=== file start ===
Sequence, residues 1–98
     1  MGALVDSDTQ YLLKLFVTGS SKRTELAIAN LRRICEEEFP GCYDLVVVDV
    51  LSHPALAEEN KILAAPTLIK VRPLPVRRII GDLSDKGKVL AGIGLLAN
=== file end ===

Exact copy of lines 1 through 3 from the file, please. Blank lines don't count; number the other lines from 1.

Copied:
Sequence, residues 1–98
     1  MGALVDSDTQ YLLKLFVTGS SKRTELAIAN LRRICEEEFP GCYDLVVVDV
    51  LSHPALAEEN KILAAPTLIK VRPLPVRRII GDLSDKGKVL AGIGLLAN